Now, the water will start flowing, and bring the cider along with it. When the cider starts to flow into the sauce pan, put your thumb back over the hose, and then put it into the bottling bucket.

Allow it to siphon carefully. The siphoning action will mix the sugar through the cider. When it's done siphoning, take the racking cane out of the now-empty carboy, remove the tip, and place the cane into the full container.

Then...

Step 9: Bottling

Now it's time to bottle.

Lift the full bottling bucket/carboy up to the countertop. Arrange your bottles nearby, open ends up!

Repeat the siphoning process, except this time, attach the bottling wand to the end of the siphon hose. The bottling wand can turn the flow on and off, and therefore help you fill the bottles.

After you've got the siphon started, just go ahead and fill all the bottles, leaving about 1" of clear space at the top.

NOTE: if there's a big air bubble in the siphon hose, just tap it until the bubble comes down the line and out. If you loose the siphon, just start again.

Step 10: Capping.

Now it's time to cap all those bottles. the capper's pretty easy to use, so I won't explain it here.

Step 11: Aging

Mostly, you need to leave the cider alone for a week or two, to let the bottling sugar do it's work and carbonate the cider.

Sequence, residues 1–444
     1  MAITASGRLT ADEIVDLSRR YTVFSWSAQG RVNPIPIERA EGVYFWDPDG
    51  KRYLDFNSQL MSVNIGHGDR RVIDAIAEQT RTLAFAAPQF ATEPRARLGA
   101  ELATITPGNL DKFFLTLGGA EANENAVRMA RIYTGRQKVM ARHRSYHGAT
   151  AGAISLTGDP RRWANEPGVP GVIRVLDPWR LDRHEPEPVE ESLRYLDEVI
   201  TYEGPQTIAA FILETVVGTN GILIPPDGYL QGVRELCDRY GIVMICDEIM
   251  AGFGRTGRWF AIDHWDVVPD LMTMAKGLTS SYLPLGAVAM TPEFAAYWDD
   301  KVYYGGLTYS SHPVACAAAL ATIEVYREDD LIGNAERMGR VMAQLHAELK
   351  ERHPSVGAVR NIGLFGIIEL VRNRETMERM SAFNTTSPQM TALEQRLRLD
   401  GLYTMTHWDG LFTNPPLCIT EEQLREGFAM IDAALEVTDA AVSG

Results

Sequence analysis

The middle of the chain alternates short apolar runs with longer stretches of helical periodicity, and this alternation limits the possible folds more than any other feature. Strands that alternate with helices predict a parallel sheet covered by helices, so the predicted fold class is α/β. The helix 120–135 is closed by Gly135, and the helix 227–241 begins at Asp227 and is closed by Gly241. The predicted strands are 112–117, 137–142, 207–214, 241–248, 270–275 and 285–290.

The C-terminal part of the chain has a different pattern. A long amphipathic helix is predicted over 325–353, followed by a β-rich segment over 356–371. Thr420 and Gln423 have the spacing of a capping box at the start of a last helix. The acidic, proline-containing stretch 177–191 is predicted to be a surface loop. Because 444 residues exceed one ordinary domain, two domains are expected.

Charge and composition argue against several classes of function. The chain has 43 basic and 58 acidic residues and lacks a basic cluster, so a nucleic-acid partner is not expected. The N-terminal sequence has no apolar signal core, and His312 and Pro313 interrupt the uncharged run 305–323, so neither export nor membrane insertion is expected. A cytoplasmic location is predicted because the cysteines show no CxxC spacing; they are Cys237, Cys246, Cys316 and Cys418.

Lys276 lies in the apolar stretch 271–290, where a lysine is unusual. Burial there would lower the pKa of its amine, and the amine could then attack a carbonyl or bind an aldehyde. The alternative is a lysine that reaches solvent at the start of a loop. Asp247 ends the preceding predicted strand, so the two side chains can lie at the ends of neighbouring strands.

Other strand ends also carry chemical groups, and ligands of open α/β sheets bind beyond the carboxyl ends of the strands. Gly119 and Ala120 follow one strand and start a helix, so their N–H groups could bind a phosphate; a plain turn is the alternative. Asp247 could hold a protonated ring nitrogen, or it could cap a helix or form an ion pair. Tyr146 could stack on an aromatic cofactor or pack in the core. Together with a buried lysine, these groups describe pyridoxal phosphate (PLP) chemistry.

In this time, the yeast that was roused up through the bottling process will also fall to the bottom of the bottles.

Letting cider age for 6 months or more will improve it's taste, but it'll be good even after a week or two.

Let it age for at least 2 weeks at room temp. Colder temps will stop the fermentation and you won't get carbonation.

Step 12: Drinking

Don't drink too much - cider can sneak up on you! Don't say I didn't warn you.

When you drink the cider, pour it carefully into a glass. Leave about 1/2" behind in the bottle, so you don't pour yeast into the glass.

Nothing wrong w/the yeast, it just makes the cider cloudy and changes the flavor a bit. it's actually really good for you - full of B vitamins.

ENJOY!

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    60 Discussions

    I thought this was supposed to be the easy way... There sure are a lot of steps and items I'd have to have to do this. I'd suggest swapping the glass carboy for a new 5 gallon bucket. That would shave a good deal of cost off the project. I know, it's not "Food Safe," but neither is eating dirt, and I survived doing that as a kid. I actually made some hard cider this year - apples from a local orchard, juiced and pitched with no extra sugars, using bakers yeast in a 1 gallon beer growler. It's cloudy, but it packs one heck of a punch.

    10 replies

    I've been very careful to describe each step, however the making takes about 10 minutes, and the bottling about 1 hour - I think reading the instructions may be more of a time investment than actually making it.

    Yes, a regular bucket will work, but the plastic tends to allow oxygen through, so it may impart off flavors to the cider. (same story with a 5 gallon plastic 'water bottles')

    A plastic food grade fermenter is cheaper than a glass carboy, and would work fine. You can get food grade plastic buckets from most resturants for free, so keep your costs low that way.